Global Sourcing in the rough seas – successful risk management for advanced clients
The times in which global sourcing was an exotic specialty for companies and was often reserved for large corporations are long gone. No medium-sized, industrially producing company has been able to assert itself successfully in the past 25 years if it had not optimized its procurement processes and supply chain as part of a global sourcing strategy. Whether this is done directly by an independent sourcing organization or indirectly via service providers varies depending on the industry and size of the company. It is a fact that global sourcing has become a constant factor in the strategic planning of almost all companies in order to ensure optimal, competitive development and use of raw materials, products and production capacities worldwide.
A fixed pillar of functioning global sourcing, which has now become taken for granted, is the largely unrestricted freedom of global goods traffic. The long-term plannable development of supply chains regarding transport logistics and costs.
This pillar of the secured free movement of goods is becoming increasingly unstable.
Bilateral trade conflicts between nations (e.g. China, USA, EU etc.) threaten to mutate into open trade wars – the consequences of which are increasingly difficult to calculate in a supply chain geared towards globalization.
The current paralysis of the WTO is another blow against a globalized, liberal world economy. If new judges are not appointed, this Geneva-based international organization will lose most of its ability to act. Mediation in trade disputes between member states is currently not possible. But this has been the basis for the success of this institution since 1995.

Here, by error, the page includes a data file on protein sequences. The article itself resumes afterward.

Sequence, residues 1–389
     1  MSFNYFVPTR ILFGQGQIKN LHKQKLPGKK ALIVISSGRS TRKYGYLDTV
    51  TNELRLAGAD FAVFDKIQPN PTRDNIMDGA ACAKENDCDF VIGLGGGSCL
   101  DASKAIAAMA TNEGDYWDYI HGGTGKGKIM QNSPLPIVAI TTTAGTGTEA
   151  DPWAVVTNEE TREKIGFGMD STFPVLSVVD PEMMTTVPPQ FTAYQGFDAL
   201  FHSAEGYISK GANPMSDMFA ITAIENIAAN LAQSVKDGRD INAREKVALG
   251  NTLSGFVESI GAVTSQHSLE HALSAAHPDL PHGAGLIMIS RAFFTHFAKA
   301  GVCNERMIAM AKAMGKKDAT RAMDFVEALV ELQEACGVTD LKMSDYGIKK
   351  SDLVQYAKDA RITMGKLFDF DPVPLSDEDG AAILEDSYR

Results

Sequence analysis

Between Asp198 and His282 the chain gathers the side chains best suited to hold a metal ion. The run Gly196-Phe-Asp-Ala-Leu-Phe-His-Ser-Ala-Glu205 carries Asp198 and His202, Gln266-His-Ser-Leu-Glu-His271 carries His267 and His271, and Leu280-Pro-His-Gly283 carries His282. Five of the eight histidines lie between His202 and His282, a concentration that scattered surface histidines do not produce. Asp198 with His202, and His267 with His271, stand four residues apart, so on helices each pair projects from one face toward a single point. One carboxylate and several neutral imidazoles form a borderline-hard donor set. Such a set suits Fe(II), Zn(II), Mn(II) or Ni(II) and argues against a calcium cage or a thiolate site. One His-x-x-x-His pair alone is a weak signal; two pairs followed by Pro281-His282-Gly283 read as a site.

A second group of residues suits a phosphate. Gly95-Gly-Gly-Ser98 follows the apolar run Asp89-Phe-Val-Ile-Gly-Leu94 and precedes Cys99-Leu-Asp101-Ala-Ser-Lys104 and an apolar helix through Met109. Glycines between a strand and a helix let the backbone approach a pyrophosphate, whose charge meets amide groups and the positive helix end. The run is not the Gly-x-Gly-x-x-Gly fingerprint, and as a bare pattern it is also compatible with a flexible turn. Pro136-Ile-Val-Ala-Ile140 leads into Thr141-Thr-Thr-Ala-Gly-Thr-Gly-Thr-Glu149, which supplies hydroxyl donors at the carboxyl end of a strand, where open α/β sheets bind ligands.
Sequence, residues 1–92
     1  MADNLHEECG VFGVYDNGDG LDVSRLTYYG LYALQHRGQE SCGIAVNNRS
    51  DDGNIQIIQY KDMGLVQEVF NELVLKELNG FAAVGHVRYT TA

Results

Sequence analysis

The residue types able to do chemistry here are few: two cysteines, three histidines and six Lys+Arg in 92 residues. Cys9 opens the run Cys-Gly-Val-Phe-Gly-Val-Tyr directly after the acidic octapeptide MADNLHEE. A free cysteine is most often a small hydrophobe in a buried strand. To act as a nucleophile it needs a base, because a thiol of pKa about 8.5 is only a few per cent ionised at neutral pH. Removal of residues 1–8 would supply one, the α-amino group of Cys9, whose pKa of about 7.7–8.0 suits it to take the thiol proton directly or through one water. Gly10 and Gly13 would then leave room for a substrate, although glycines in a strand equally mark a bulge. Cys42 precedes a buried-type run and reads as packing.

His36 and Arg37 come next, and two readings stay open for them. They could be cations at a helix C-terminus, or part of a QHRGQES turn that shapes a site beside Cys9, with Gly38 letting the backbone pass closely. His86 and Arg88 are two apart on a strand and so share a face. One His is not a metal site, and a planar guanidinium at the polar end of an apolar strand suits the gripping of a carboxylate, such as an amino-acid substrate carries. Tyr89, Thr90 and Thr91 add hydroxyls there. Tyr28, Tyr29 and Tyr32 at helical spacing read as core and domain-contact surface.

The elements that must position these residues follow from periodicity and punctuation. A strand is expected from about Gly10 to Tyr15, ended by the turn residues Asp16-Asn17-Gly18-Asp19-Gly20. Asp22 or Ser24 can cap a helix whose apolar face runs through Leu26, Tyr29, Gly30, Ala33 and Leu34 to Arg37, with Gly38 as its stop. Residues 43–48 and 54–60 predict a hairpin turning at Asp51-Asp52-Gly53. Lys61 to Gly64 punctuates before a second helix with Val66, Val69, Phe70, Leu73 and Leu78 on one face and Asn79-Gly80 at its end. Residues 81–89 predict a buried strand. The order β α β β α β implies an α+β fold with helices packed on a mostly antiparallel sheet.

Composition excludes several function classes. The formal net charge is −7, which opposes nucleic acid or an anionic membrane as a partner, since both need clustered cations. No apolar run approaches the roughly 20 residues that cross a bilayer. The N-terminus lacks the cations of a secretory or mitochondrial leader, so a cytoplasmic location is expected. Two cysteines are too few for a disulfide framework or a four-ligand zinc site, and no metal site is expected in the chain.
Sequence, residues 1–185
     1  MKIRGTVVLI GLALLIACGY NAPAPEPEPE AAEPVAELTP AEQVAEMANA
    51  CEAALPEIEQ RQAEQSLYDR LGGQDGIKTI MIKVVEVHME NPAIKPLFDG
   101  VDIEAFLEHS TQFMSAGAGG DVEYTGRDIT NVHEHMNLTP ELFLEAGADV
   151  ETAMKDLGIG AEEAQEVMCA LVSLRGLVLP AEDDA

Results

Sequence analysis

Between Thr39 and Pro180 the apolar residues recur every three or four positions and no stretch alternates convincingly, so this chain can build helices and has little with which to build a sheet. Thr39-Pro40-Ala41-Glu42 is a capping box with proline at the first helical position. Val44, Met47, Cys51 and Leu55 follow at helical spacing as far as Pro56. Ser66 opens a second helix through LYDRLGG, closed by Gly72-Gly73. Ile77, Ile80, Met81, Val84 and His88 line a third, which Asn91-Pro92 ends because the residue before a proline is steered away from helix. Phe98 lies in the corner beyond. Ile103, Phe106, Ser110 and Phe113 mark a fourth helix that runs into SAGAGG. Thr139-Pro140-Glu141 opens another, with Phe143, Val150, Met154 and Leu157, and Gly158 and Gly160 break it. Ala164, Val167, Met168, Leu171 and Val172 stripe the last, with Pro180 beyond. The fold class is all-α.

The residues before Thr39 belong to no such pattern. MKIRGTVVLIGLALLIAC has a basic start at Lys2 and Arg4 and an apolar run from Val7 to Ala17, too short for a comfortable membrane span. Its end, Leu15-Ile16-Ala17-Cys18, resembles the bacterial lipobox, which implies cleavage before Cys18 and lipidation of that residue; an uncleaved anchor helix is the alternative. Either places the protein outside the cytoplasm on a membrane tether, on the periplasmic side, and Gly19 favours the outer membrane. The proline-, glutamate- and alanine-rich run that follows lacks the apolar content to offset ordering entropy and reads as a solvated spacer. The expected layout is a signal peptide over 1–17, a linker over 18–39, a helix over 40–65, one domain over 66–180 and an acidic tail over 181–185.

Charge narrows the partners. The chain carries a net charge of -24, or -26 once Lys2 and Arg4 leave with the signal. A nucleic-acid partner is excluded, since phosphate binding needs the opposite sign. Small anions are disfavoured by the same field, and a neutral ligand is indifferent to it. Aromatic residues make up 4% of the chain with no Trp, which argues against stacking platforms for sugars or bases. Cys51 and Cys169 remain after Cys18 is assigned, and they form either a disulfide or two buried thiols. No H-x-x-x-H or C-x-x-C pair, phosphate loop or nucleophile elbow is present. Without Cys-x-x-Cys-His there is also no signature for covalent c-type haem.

The danger of unforeseeable trade restrictions, sanctions and customs barriers is taking shape – a considerable risk for a supply chain geared towards long-term planning of supply capability and cost management.
Companies that have set up a transparent supply chain structure in view of these risk scenarios and control it with a few, decisive KPIs are therefore currently at an advantage. An entrepreneurially oriented, efficient risk management, which unfortunately is rather a formalistic shadow existence for many companies in the area of procurement and supply chain, is the best control element to cope with the new challenges. Even the most efficient risk management does not prevent serious shifts in sourcing benefits that are believed to be certain. But it does not affect companies with active risk management in procurement and supply chain unprepared and usually gives those responsible time to define and implement innovative countermeasures. This always results in a competitive advantage.
In many discussions and projects, we repeatedly encourage our business partners not to primarily question global sourcing, but to secure it with strategically oriented risk management. It´s time to act.
Author: Gregor van Ackeren